Referring to FIG. 2, the caddy 10 is provided on the front face of one leaf 12 with a small calculator 13 suitably fixed thereto and on the corresponding face of the other leaf 12 with a note pad 14 suitable for making a shopping list. A pen or pencil 15 is held on the center backbone bar 11 between the two leaves 12, and spring clips 16 for securing discount coupons are provided at the top edges of the leaves 12. Other types of convenience attachments may be included on the caddy 10, in some cases.
The caddy 10 is conveniently releasably attached to a conventional shopping cart shown in FIG. 1 having a push bar 17 and a parallel transverse rod 18 disposed somewhat forwardly of the push bar and slightly below it, as shown in the drawings.
The caddy carries releasable attaching hooks 19 which engage the rod 18 with a light snap-locking action due to the provision of a restricted passage or throat 20, FIG. 3. The two hooks 19 which are spaced apart by a distance roughly equal to the thickness of the caddy 10 when the leaves 12 are folded are carried by parallel arms 21 connected by a transverse bight portion 22 which is pivotally received within an opening 23 formed through the backbone bar 11 near and somewhat above its longitudinal center.
A stop plate 24 for the two arms 21 is fixed to the exterior of the backbone bar 11 and carries two side extensions 25 whose lower edges define a positive stop surface which limits swinging the arms 21 and hooks 19 away from the backbone bar 11 in one direction, as best shown in FIG. 3. When the arms 21 are engaged with the stop extensions 25, they define an acute angle of approximately 45° with the backbone bar 11. Consequently, when the hooks 19 are engaged with the rod 18, the pivoted arms 21 can rest on the shopping cart push bar 17 while the backbone bar 11 simultaneously rests on the opposite side of the push bar 17. Since the stop extensions 25 prevent further separation of the arms 21 and backbone bar 11, the caddy rests solidly with the assistance of gravity on the push bar 11 while being anchored through the hooks 19 to the rod 18.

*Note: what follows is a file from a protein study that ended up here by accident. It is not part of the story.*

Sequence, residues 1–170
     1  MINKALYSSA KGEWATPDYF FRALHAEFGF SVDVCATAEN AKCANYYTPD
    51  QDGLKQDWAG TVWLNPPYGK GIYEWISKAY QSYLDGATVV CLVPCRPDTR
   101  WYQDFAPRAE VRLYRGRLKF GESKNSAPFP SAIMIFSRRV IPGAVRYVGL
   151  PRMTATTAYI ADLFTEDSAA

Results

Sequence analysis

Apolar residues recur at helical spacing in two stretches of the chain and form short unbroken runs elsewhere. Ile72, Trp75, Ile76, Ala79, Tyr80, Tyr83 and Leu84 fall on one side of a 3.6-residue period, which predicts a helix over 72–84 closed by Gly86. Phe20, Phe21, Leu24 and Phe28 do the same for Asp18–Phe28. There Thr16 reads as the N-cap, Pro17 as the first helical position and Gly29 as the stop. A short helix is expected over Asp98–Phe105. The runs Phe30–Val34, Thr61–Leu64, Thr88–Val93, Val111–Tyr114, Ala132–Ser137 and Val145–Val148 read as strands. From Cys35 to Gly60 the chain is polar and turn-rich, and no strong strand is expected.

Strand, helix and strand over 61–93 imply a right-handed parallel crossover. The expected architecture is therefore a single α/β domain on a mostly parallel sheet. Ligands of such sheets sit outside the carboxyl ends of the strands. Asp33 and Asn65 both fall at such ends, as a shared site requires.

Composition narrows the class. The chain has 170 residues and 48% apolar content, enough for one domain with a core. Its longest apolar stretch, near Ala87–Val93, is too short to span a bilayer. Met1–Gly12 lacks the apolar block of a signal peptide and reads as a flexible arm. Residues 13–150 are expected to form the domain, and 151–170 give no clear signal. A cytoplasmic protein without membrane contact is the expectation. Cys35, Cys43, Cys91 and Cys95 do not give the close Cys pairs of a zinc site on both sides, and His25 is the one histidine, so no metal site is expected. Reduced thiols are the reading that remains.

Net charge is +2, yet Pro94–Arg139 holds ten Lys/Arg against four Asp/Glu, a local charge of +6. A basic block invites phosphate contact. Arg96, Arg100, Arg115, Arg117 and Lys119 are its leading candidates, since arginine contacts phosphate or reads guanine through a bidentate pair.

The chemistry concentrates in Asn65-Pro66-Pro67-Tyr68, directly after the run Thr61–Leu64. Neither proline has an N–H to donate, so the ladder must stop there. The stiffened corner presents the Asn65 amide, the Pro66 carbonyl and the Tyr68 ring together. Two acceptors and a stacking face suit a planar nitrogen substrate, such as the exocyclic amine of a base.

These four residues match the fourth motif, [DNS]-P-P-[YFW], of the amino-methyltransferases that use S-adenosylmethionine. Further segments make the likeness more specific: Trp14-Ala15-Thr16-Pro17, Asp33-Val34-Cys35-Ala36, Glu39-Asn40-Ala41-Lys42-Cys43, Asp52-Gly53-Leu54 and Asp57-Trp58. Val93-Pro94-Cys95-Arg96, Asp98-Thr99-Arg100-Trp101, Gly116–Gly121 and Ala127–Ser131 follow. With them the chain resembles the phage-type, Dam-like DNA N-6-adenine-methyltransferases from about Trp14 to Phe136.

When the leaves 12 are separated to lie in a common plane, FIG. 1, they assume a convenient angle relative to the user of the cart for viewing the shopping list or checking off items thereon, or for writing on the pad 14, and using the calculator 13. The caddy is quite stable in its mounting on the shopping cart and does not tend to be displaced from its use position until the hooks 19 are forcibly separated from the rod 18. The two leaves 12, when in the use position, are further stablized by contact with the push bar 17 and extensions 25.
A further feature of the invention resides in the use of the pivoted arms 21 and hooks 19 to secure the leaves 12 in folded approximately parallel relationship when the caddy 10 is separated from the shopping cart for storage in a purse or the like. The arms 21 are swung into straddling relationship with the folded caddy, as indicated in phantom lines in FIG. 3, and then serve to resist opening or separation of the folded leaves 12, which they frictionally engage.
The invention is characterized by extreme simplicity, economy of manufacturing, durability and convenience of use. Its uncomplicated nature, its compactness and its ready attachability and removal from the shopping cart render the invention practical where much of the known prior art has proven to be impractical.
It is to be understood that the form of the invention herewith shown and described is to be taken as a preferred example of the same, and that various changes in the shape, size and arrangement of parts may be resorted to, without departing from the spirit of the invention or scope of the subjoined claims.